Design and procedure haptic experiment

The design of the haptic experiment comprised two within-participants variables, stimulus set (small set, large set) and grip type (string, precision grip, enclosure). In every trial of the haptic experiment, participants had to indicate which of two objects felt heavier, the standard stimulus or a comparison (method of constant stimuli). For every participant we fitted 6 psychometric functions, one for every condition. From every function, we derived the just-noticeable difference (JND, see data analysis) to assess discrimination performance.

At the beginning of each trial, the experimenter placed the first stimulus on the felt pad in front of the blindfolded participant and led his/her dominant hand towards it. Participants had to lift each stimulus and weigh it up and down twice before placing it down again on the felt pad. In the string condition, participants were instructed to extend their dominant hand at about 30 cm above the table with palm down and the experimenter placed the stimulus’ wooden bead between the participants’ thumb and index fingers. In the precision grip condition participants had their hand above the felt pad like in the string condition, but were asked to pre-shape their hand to a precision grip. The experimenter then moved the hand towards the object so that the thumb touched the screw cap and participants were asked to move the index finger towards the screw cap without moving the thumb to another location or by touching the object with another finger or parts of the hand. In the enclosure condition, participants had their arm resting on the table and the experimenter moved their hand towards the object so the thumb touched the object. Participants were allowed to move the thumb to any other location and asked to have as much skin contact as possible when lifting the object. After placing down the first stimulus, the experimenter exchanged both stimuli and the second stimulus had to be lifted in the same manner. Participants responded after having placed the second stimulus on the felt pad. Across blocks, the order of comparison and standard stimulus was balanced for every comparison stimulus. In every block all 8 comparisons were lifted once in a random order. There have been 20 blocks for every combination of grip type and set. Thus, the whole experiment consisted of 960 trials per participant (8 comparisons × 20 blocks/repetitions × 2 sets × 3 grip types) and lasted 5–7 hours, depending on the individual pace. The experiment was split in sessions of up to two hours with regular breaks. Participants were told at the beginning of the experiment that they could take a break at any time. Each session contained a manifold of 10 blocks and the number of sessions was not consistent across participants. All participants completed 10 blocks of the string condition for both sets (half of them started with the small, the other with the large set) before completing 10 blocks in the precision grip and the enclosure condition. This order was repeated for every participant in the second half of the experiment. A fixed order of conditions was chosen to prevent a transfer of information into conditions providing less haptic information.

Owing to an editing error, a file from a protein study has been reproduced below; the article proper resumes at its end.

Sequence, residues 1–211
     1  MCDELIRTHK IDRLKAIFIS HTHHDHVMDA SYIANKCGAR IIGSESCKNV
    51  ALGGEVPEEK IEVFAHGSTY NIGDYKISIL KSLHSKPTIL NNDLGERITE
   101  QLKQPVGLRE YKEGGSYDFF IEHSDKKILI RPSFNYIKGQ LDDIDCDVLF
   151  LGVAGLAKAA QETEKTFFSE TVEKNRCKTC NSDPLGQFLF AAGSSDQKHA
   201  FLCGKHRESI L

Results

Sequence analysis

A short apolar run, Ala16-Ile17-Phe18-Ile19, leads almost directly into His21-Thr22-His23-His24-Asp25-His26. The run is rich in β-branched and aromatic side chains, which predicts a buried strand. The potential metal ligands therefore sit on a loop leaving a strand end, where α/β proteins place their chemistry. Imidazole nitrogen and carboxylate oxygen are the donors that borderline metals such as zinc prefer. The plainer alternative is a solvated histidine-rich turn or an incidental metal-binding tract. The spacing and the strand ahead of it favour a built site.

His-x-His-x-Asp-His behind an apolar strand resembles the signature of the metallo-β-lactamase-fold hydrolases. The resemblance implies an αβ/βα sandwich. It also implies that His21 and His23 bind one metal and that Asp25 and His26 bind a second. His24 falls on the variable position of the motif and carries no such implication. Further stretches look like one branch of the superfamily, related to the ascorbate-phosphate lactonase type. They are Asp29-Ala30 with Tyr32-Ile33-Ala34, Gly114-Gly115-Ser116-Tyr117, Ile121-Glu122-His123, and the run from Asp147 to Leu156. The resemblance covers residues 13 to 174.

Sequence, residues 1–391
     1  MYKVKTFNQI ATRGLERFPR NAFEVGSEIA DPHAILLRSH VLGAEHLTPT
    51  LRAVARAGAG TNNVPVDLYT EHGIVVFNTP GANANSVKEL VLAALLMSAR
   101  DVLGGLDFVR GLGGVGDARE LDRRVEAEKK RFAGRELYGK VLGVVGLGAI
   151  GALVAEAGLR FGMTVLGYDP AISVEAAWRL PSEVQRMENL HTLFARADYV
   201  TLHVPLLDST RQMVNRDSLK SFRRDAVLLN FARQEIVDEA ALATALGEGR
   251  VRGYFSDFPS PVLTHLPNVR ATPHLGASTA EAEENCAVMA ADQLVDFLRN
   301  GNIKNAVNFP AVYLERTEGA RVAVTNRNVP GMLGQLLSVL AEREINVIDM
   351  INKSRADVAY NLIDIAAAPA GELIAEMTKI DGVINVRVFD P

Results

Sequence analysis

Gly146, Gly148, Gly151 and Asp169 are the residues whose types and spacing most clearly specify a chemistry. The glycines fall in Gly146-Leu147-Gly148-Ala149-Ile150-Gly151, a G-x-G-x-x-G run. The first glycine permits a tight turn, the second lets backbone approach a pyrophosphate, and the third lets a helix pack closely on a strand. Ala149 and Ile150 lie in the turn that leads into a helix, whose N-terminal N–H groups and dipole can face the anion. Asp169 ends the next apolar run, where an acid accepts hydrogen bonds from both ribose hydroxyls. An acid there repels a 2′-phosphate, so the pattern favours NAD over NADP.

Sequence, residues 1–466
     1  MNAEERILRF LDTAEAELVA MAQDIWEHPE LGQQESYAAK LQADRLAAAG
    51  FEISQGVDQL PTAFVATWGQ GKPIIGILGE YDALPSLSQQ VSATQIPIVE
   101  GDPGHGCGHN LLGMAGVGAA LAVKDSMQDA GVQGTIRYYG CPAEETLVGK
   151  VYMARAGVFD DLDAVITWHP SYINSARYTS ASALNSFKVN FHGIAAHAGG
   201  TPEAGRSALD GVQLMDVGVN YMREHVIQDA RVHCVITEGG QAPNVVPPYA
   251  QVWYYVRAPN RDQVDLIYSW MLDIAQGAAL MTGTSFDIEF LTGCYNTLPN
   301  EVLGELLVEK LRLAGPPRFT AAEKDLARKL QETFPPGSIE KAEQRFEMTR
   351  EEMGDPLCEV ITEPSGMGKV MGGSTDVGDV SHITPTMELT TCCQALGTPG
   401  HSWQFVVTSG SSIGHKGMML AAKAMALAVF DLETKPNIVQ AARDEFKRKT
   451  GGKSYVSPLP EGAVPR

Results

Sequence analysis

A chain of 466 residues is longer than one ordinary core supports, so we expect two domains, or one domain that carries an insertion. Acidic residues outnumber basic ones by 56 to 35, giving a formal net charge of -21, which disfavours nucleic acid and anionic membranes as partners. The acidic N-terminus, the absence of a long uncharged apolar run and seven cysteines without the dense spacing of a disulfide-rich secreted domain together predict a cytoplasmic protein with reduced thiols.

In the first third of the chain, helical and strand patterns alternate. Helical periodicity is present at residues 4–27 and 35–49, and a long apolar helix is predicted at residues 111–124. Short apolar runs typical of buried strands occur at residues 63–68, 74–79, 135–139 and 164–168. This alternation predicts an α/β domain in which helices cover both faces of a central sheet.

Design and procedure visual experiment

In the visual discrimination experiment all objects were lifted on a string and we manipulated the quality of visual information. The design thus comprised the within-participant factor visibility: Participants were either blindfolded, had full vision of the lifted objects or their vision was impaired by wearing diving goggles that were equipped with a foil.